She who paints [is culpable] on the score of dyeing; she who plaits and rouges, on the score of building. Is this then the manner of building? — Even so, as R. Simeon b. Menassia expounded: And the Lord God builded the rib [… into a woman]:1 this teaches that the Holy One, blessed be He, plaited Eve['s hair] and brought her to Adam, for in the sea-towns plaiting is called 'building'.
It was taught, R. Simeon b. Eleazar said: If [a woman] plaits [hair], paints [the eyes], or rouges [the face], — if [she does this] to herself, she is not culpable; [if to] her companion, she is culpable. And thus did R. Simeon b. Eleazar [say on R. Eliezer's authority: A woman must not apply paint to her face, because she dyes.
Our Rabbis taught: One who milks, sets milk [for curdling],2 and makes cheese, [the standard is] the size of a dried fig. If one sweeps [the floor], lays the dust [by sprinkling water], and removes loaves of honey, if he does this unwittingly on the Sabbath, he is liable to a sin.offering; if he does it deliberately on a Festival, he is flagellated with forty3 [lashes]: this is R. Eliezer's view. But the Sages say: In both cases it is [forbidden] only as a shebuth.4
R. Nahman b. Guria visited Nehardea. He was asked. If one milks, on what score is he culpable? On the score of milking, He replied. If one sets milk, or what score is he culpable? On the score of setting milk, he replied. If one makes cheese, on what score is he liable? On account of making cheese, he replied. Your teacher must have been a reed-cutter in a marsh, they jeered at him. [So] he went and asked in the Beth Hamidrash. Said they to him, He who milks is liable on account of unloading.5 He who sets milk is liable on account of selecting.6 He who makes cheese is liable on account of building.7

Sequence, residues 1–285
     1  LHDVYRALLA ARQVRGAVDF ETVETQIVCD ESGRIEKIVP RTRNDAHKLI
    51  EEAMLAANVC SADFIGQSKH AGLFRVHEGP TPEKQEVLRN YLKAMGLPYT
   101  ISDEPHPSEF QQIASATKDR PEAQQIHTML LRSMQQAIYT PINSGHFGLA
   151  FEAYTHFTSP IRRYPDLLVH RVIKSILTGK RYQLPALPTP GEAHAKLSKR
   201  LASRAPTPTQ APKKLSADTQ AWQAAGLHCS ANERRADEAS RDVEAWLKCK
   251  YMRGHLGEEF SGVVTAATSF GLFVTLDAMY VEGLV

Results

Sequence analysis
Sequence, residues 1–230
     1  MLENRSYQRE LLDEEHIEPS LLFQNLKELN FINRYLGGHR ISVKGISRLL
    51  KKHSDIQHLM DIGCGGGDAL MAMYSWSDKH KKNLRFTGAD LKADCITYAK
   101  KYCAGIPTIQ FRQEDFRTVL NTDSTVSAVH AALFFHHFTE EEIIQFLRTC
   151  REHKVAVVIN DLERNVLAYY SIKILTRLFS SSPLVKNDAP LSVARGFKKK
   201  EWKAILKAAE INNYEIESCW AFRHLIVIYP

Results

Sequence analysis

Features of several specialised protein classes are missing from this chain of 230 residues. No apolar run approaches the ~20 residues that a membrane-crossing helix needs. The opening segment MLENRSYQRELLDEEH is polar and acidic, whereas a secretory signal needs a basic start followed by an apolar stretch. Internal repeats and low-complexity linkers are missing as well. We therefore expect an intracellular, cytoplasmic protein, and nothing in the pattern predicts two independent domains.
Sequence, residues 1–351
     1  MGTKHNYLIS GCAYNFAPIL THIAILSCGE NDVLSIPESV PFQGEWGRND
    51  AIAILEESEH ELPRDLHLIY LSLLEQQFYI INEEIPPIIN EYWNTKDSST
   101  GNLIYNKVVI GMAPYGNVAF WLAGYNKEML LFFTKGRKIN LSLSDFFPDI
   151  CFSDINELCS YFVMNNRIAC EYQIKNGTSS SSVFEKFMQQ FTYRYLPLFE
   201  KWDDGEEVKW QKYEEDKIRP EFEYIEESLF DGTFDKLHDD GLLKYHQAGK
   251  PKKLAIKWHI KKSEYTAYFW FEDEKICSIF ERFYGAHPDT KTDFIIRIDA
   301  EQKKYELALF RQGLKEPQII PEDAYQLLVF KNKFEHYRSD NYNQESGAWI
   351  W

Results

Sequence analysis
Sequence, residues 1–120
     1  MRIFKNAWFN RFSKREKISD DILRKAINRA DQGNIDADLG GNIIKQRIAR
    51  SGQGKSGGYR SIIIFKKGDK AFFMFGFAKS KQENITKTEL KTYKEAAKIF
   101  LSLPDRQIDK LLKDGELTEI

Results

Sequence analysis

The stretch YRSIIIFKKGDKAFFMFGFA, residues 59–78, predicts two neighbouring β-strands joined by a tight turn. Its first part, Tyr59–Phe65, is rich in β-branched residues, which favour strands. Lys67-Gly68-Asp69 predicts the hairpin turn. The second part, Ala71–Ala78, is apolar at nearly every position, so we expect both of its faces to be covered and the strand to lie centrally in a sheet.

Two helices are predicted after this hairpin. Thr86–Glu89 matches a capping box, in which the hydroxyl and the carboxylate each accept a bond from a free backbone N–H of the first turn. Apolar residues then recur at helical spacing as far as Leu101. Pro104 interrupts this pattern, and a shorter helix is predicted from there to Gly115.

'If one sweeps, lays the dust, and removes loaves of honey, if he does this unwittingly on the Sabbath, he is liable to a sin-offering; if he does it deliberately on a Festival, he is flagellated with forty [lashes]: this is R. Eliezer's view.' R. Eleazar observed, 'What is R. Eliezer's reason? Because it is written, and he dipped if in the forest of honey:8 now, what is the connection between a forest and honey.?9 But it is to teach you: just as a forest, he who detaches [aught] from it on the Sabbath is liable to a sin-offering, so are loaves of honey, he who removes [honey] therefrom is liable to a sin-offering.
Amemar permitted sprinkling [the floors] in Mahoza.10 He argued: What is the reason that the Rabbis said [that it is forbidden]? [It is] lest one come to level up depressions [in the earthen floor]. Here there are no depressions.11 Rabbah Tosfa'ah12 found Rabina suffering discomfort on account of the heat — others state, Mar Kashisha son of Raba found R. Ashi suffering discomfort on account of the heat. Said he to him — Does not my Master agree with what was taught: If one wishes to sprinkle his house on the Sabbath, he can bring a basin full of water, wash his face in one corner, his hands in another, and his feet in another, and thus the house is sprinkled automatically? I did not think of it,13 he replied. It was taught: A wise woman can sprinkle her house on the Sabbath.14 But now that we hold as R. Simeon,15 it is permitted even at the very outset.16